Believe it or not, it’s time to start thinking about flu season. Many health-care providers begin offering the flu shot as early as August. It may seem like flu season just ended, and that’s because last year’s flu season peaked late – in March vs. the typical December/January peak. In 2018, we even saw flu cases as late as early May.
Why see a doctor if you think you have the flu?
Some of us are guilty of diagnosing ourselves after a quick Google search, but it’s important to know that flu-like symptoms you may experience can represent illnesses other than the flu. Pneumonia, for instance, presents much like the flu, with fever, achiness and coughing. When you self-diagnose your illness, you’re missing the important opportunity for a clinician to physically evaluate your symptoms and determine the cause. If you are in fact diagnosed with the flu, a clinician can then treat the flu, alleviate your symptoms and work to prevent any complications.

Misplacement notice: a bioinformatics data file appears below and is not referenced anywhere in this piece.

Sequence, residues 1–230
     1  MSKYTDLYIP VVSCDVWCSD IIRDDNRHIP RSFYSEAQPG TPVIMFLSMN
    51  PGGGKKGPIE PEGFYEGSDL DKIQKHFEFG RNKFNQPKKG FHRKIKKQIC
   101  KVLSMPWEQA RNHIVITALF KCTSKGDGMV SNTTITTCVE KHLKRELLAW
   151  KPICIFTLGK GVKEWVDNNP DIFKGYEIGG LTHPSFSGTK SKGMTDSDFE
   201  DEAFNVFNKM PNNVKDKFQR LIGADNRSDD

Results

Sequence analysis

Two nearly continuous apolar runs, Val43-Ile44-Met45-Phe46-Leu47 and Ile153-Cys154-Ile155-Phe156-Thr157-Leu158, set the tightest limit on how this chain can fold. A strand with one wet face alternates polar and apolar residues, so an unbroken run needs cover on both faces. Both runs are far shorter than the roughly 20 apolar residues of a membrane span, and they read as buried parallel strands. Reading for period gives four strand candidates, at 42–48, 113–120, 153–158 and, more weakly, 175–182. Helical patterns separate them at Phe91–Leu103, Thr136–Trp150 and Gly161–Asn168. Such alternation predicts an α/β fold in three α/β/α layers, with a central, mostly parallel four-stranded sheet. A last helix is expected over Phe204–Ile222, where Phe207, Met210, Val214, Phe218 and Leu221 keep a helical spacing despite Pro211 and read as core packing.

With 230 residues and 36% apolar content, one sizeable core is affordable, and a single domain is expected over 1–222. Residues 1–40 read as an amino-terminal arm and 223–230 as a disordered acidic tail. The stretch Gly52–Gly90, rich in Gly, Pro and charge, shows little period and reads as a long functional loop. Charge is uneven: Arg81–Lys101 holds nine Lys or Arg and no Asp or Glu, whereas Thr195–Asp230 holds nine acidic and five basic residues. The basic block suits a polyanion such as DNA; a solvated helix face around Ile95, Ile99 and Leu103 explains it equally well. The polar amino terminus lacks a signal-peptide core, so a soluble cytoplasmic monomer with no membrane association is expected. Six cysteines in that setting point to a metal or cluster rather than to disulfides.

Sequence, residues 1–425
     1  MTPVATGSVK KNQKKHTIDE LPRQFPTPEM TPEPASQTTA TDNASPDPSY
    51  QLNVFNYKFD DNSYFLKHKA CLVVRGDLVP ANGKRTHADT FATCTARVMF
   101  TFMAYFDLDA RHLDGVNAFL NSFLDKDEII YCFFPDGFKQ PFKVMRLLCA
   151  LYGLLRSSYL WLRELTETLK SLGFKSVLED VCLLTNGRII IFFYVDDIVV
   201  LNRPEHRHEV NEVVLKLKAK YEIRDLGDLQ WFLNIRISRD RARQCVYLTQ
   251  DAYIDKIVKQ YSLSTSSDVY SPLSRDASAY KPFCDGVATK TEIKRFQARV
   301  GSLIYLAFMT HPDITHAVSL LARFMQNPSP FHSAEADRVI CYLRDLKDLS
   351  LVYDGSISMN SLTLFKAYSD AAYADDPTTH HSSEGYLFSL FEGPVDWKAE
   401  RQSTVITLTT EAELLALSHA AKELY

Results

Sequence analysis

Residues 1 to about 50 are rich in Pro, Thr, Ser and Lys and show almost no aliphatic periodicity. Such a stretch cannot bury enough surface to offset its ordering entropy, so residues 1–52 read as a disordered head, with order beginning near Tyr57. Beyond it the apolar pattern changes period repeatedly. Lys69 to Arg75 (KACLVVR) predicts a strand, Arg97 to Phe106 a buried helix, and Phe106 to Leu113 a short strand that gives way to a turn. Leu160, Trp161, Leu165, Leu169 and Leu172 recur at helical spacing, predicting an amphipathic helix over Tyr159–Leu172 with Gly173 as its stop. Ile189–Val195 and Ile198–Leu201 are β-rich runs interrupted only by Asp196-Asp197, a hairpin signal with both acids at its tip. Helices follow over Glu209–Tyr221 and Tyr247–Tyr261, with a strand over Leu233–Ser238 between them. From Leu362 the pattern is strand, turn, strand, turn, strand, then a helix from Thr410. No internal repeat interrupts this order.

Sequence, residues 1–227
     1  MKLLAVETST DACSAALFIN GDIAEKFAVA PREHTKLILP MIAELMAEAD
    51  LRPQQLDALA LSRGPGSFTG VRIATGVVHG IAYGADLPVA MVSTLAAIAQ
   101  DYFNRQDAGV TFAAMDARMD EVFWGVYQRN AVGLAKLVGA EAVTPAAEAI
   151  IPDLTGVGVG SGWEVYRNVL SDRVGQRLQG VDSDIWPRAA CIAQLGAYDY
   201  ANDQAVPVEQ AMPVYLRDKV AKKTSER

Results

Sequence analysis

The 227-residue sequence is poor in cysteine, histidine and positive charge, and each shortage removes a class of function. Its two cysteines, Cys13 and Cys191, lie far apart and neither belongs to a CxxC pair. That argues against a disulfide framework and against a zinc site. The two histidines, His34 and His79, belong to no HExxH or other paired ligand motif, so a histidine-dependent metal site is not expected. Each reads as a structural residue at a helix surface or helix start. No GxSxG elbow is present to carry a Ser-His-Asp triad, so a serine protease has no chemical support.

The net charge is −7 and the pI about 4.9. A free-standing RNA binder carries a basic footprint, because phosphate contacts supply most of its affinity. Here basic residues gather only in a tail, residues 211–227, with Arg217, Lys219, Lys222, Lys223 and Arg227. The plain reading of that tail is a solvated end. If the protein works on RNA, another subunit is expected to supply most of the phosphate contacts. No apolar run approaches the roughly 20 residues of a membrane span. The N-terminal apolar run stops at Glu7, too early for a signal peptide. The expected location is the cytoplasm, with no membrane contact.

What is the best way to protect myself and my loved ones from the flu?
Fight – As always, the flu shot is your best preventative protection from contracting the flu.
CLinician – High-risk populations will benefit most from flu medications, such as Tamiflu, which may help to lessen the length and severity of symptoms. This includes the elderly, people with chronic medical problems and young children. The “average” healthy person may not need to take Tamiflu, as symptoms will eventually resolve on their own and taking Tamiflu could cause unwanted side effects.
Urgency – If you are experiencing flu-like symptoms, it’s important to see a clinician as quickly as possible for treatment, as medications are most effective when taken within 48 hours of the onset of symptoms.
As flu season approaches, please remember the importance of being examined by a clinician to determine whether you have the flu, or if your symptoms are the result of a different illness like pneumonia or strep throat, or complications such as dehydration or asthma attacks.
Dr. Joseph Chow, President
TEAMHealth Ambulatory Care